How do you say irrational exuberance in Chinese?
Alan Greenspan, the former Federal Reserve chairman, may not know how to say it, but — as he proved in 1996 when he coined the term in reference to the U.S. tech boom — he knows it when he sees it. Last week, he pronounced the meteoric rise of China’s stock market unsustainable.
But China’s leaders may have found a way to control it, at least for now.
Effective Wednesday, they tripled the “stamp tax” on stock trades from 0.1 percent to 0.3 percent. In response, the main Shanghai Composite Index tumbled 6.5 percent to 4,071.27 Wednesday after hitting a record high on Tuesday. The Shenzhen Composite Index for China’s smaller second market fell even more, closing down 7.2 percent at 1,199.45.
The decline in Chinese shares hit other markets, too, although not as dramatically as on Feb. 27, when investors around the world flinched from a nearly 9 percent slide in the Shanghai index.
Despite the drop Wednesday, Shanghai’s benchmark index is still up 52 percent for the year, following a 130 percent jump in 2006.
“This policy change reveals the government’s concern about a possible stock market bubble,” said Citigroup economist Minggao Shen, describing the tax hike as Beijing’s first formal move to cool the boom. “The market didn’t know what the government was thinking until now.”
The gains have been fueled by strong corporate profits and a flood of fresh money from millions of new investors sinking their savings into the stock market amid a scarcity of other investment options. Chinese banks pay just 3 percent interest on deposits.
The number of Chinese stock trading accounts has risen to about 100 million, with tens of thousands being opened every day. The press has reported on first-time investors mortgaging their homes or dipping into retirement savings to play the market.
Government officials and financial analysts have expressed concern that some novices are making risky investments, creating a possible bubble in prices.
Wednesday’s drop modestly affected regional stock markets, with Tokyo’s benchmark index slipping 0.5 percent and Hong Kong’s market closing down 0.9 percent. South Korean shares inched up to a new record.
In Europe, stocks ended modestly lower after initially being off about 1 percent following the retrenchment in China. European stocks gained strength after the U.S. markets opened down only moderately, easing concerns of a sharp global pullback. Britain’s FTSE 100 slipped 0.07 percent, Germany’s DAX index fell 0.21 percent, and France’s CAC-40 gave up 0.24 percent.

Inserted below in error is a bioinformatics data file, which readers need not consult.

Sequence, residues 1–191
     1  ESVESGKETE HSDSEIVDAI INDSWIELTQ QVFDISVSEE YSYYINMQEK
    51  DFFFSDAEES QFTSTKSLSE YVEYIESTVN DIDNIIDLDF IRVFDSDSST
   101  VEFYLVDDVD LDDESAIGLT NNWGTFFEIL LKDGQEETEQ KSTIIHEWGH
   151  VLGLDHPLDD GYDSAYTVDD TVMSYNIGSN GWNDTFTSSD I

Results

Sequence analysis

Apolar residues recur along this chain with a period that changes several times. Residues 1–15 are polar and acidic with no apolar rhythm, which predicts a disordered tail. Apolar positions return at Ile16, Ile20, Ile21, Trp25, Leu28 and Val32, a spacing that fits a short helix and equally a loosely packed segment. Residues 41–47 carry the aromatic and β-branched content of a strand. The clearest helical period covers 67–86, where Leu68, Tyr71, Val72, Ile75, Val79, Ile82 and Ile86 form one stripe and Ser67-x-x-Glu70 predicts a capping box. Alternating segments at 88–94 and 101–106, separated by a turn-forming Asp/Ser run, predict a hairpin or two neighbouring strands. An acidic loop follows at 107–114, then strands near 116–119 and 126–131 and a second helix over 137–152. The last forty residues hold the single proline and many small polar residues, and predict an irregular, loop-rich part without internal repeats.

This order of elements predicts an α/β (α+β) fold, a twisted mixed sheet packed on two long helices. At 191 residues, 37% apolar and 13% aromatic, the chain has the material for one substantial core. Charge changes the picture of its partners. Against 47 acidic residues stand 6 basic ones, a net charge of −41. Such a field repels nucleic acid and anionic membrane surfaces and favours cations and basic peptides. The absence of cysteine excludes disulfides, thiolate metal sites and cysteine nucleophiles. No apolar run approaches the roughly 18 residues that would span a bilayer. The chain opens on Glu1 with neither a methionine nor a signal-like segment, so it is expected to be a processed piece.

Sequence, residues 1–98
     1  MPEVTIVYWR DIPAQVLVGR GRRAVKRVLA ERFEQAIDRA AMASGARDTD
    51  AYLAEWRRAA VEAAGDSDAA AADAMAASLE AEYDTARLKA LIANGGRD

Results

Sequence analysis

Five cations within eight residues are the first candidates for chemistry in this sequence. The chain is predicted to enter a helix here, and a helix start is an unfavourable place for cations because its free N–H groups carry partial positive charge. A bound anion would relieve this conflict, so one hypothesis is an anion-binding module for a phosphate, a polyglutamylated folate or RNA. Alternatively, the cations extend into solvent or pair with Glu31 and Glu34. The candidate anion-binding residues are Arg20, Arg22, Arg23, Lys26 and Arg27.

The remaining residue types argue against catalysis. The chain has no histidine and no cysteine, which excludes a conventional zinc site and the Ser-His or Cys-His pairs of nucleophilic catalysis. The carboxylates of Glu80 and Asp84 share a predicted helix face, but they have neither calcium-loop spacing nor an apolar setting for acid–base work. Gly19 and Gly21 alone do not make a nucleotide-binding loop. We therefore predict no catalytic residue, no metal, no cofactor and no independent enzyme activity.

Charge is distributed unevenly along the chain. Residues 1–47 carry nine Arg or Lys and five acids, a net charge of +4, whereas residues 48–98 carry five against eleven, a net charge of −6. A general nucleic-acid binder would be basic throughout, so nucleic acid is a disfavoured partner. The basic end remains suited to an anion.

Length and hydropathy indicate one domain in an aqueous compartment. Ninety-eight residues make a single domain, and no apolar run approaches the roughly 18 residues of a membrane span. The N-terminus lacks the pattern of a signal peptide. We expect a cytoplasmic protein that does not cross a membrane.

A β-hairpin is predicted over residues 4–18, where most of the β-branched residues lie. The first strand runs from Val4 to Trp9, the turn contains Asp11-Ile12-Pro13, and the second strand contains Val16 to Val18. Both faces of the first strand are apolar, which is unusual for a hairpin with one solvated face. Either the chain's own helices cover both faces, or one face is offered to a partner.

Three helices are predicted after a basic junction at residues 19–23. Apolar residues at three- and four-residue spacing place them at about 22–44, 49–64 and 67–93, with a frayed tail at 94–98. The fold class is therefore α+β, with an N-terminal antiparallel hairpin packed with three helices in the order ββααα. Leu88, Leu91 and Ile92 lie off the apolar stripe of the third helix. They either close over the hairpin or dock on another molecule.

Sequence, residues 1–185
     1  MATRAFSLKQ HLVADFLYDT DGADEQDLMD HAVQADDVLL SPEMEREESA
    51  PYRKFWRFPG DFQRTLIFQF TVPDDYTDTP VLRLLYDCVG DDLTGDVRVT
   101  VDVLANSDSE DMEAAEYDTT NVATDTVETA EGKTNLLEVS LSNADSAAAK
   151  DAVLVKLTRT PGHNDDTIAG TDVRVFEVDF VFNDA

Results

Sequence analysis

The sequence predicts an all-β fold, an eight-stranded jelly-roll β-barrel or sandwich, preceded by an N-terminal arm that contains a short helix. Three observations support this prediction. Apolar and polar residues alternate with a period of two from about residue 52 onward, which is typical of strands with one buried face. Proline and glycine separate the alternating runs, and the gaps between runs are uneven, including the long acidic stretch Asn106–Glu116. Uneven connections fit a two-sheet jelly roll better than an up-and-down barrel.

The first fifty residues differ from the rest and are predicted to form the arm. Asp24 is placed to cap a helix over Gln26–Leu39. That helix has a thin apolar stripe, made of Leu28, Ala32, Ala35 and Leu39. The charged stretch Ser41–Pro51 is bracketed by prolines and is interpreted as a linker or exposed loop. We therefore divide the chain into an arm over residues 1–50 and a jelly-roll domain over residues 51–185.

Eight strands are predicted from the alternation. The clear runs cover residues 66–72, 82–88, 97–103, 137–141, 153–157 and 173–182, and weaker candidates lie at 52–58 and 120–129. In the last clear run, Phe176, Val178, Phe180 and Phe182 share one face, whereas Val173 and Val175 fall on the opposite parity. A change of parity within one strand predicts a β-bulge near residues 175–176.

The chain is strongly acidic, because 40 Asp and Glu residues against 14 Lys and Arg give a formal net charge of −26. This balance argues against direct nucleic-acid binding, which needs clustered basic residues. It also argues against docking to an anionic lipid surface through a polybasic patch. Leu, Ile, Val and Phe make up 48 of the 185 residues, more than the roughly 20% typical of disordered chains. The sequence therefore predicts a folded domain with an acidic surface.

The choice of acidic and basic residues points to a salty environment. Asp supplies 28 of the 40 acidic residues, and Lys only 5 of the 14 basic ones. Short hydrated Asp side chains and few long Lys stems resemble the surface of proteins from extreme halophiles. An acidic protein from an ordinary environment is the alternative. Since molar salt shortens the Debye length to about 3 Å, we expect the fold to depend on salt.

In early afternoon trading, the Dow Jones industrial average moved back into positive territory after dropping about 60 points at the open. The blue chip index advanced 22.76, or 0.17 percent, to 13,544.10.
Broader stock indicators also turned positive. The Standard & Poor’s 500 index rose 2.96, or 0.19 percent, to 1,521.07, and the Nasdaq composite index rose 0.85, or 0.03 percent, to 2,572.91.
The effects of the pullback in China’s markets are somewhat limited to domestic investors as the country limits foreign investment in certain areas. While it has eased restrictions, the government still controls how many foreigners can purchase the mainstream, yuan-denominated stocks. Known as “A shares,” these stocks account for the largest slice of the markets. There are also foreign currency-denominated “B shares.” The benchmark Shanghai Composite Index tracks both A and B shares.
Retail investors in China have recently been moving into the B share market, however, as valuations remained lower than in the A share market.
Chinese investor confidence has been buoyed in part by China’s political calendar.
Many expect communist leaders to do whatever it takes to keep share prices up and avoid a public backlash ahead of a key party meeting in late 2007, when new leadership posts are due to be decided, and the Summer Olympics in Beijing next year.
The stamp tax increase “is an early move, so that even if the markets correct soon, they still have time to stabilize or even improve before the party meeting in the fall,” said Citigroup’s Shen.
Economists say a fall in the markets should have little impact on China’s economy, because growth is driven by exports. Also, households have much more money in savings than in shares.
A fall in prices of even 20 percent is likely to have only a modest economic impact, J.P. Morgan economist Frank Gong said in a report to clients.
Gong noted that during a long bear market in 2001-2005, when the main market index fell from 2,300 to under 1,000 points, China’s economy grew by about 10 percent per year.
The World Bank, in a report Wednesday, raised its forecast of China’s economic growth this year to 10.4 percent, up from 9.6 percent, and said its current account surplus could reach $340 billion.
The stamp tax was set at 0.6 percent when it was introduced in the early 1990s but has been cut repeatedly to encourage the Chinese public to invest in stocks. It fell to 0.1 percent in 2005.
Analysts have been forecasting a possible Chinese correction due to the sharp price rise, reducing the likelihood that markets abroad would be taken by surprise.